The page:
Tekulve's writing style is pretty, poetic, but not ornate or obfuscated. Each chapter feels like a self-contained short story in many ways; together, they show the arc of a family and place, but individually, there's a brilliant, bright, or blinding moment that stings or illuminates. I got the sense that some of the pieces were composed independently of the volume: Tekulve occasionally repeats an incident or a particular turn of phrase from one story in another, as if trying to offer context to a chapter were it removed from the collection. I didn't mind the repetition as it sort of emphasized the almost fairy tale quality to the family: fatherless children, magical gardens, temptations.

The familiarity of Tekulve's characters and place resonated with me as much as the writing. She articulated the nuances of rural poverty that felt authentic rather than shocking or exploitative. In her description of the Sypher family property, with the creeks and trees, random cabins, farm animals semi-feral, men obsessively working the land -- hauling, pulling, cutting, chopping -- I was reminded of my grandfather, father, and even now, my brother. (A trip to see that part of the family isn't complete without something being hauled, a cabin or milk house explored.)

I will admit to laughing a few times Tekulve's characters remarked on the West Virginia landscape as resembling Sicily; my family was stationed in Sicily for a few years when I was a child, and the country was gripped in a terrible drought the entire time we were there. My memory of Sicily is of a dry, stony, yellowed place, scrub and withering trees rather than the sort of verdant hilliness I associate with West Virginia. It wasn't until a few years ago when traveling in the Mediterranean did I see Sicily as it usually is -- fresh, green, hilly but alive -- but I still can't shake the sense of it as I knew it. (This isn't a knock against Tekulve's description of place!)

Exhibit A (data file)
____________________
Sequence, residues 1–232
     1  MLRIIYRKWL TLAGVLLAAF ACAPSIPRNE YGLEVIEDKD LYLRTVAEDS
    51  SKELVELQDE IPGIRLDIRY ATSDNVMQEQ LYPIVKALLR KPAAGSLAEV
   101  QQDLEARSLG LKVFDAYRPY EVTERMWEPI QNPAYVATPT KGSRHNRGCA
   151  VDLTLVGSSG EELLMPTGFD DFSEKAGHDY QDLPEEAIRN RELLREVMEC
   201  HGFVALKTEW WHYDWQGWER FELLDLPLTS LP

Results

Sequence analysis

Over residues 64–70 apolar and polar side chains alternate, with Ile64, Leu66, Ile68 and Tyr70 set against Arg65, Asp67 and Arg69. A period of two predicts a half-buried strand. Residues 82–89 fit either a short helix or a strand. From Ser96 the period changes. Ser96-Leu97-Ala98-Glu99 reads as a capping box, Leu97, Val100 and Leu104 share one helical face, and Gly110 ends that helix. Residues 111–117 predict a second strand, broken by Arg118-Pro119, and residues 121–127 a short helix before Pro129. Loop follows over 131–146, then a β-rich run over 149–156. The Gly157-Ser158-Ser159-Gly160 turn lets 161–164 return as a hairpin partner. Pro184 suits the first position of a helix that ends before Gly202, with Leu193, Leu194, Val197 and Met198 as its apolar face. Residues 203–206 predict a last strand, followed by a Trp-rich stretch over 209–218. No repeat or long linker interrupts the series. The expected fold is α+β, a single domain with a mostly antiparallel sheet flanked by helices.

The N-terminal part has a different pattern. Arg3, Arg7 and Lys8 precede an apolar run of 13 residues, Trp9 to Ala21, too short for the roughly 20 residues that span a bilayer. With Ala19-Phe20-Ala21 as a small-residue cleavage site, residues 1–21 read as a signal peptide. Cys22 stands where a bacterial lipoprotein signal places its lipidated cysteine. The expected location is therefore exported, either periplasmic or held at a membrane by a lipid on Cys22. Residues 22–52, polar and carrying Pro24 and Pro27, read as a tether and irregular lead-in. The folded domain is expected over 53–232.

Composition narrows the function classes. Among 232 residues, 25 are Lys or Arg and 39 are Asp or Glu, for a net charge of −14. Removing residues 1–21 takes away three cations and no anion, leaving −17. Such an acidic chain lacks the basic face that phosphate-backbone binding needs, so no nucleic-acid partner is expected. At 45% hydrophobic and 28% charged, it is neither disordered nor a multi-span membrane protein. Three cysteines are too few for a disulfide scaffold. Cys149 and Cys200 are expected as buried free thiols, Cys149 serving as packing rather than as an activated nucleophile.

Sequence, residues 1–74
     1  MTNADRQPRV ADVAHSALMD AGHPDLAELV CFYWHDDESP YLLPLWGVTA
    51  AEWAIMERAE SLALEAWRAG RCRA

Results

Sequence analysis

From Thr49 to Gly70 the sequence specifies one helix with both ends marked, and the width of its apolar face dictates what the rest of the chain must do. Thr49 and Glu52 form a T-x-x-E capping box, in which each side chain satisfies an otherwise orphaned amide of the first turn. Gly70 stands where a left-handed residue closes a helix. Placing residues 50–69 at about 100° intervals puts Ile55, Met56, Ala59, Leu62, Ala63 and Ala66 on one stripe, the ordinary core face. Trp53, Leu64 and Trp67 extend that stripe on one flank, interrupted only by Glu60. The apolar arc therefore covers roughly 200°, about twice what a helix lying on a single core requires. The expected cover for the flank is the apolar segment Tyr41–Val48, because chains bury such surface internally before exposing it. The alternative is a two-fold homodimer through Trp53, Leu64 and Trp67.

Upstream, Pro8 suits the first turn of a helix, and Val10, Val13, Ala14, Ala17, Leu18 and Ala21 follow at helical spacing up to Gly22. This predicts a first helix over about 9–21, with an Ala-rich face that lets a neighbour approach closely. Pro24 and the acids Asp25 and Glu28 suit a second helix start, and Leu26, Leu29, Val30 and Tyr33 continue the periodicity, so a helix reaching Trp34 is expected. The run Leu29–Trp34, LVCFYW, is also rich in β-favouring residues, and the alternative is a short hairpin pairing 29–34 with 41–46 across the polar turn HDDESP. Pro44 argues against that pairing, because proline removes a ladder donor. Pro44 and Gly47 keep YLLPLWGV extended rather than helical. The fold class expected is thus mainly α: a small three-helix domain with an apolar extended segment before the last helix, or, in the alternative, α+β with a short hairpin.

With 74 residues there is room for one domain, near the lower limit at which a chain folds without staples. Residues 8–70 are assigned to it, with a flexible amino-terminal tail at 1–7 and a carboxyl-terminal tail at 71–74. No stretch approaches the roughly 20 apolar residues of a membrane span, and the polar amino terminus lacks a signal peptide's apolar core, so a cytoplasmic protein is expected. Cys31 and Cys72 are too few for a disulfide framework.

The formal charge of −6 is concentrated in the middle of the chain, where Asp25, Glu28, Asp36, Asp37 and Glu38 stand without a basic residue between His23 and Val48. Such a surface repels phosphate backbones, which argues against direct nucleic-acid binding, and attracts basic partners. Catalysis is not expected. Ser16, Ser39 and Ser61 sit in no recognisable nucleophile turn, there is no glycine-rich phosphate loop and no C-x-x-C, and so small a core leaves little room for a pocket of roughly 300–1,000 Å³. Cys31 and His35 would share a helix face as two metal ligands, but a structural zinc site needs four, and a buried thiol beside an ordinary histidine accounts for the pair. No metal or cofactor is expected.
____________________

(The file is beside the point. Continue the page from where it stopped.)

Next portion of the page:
The vignette-y style reminded me immediately of Jennifer Haigh's Baker Towers and Ursula Hegi's Floating in My Mother's Palm, so readers who enjoy those kind of family sagas will enjoy this volume (grandmother with Sicilian background not needed). Highly recommended for fans of immigrant stories and rural American life in the first half of the 20th century.

*** *** ***

GIVEAWAY!

I'm thrilled to offer a copy of In the Garden of Stone to one lucky reader! To enter, fill out this brief form. Open to US readers only, ends 6/7.

12 comments:

  1. This reminded you of Jennifer Haigh? I must read it soon!

    ReplyDelete
    Replies
    1. Yes, after I finished the first chapter -- it's really marvelous -- I think you'll love it!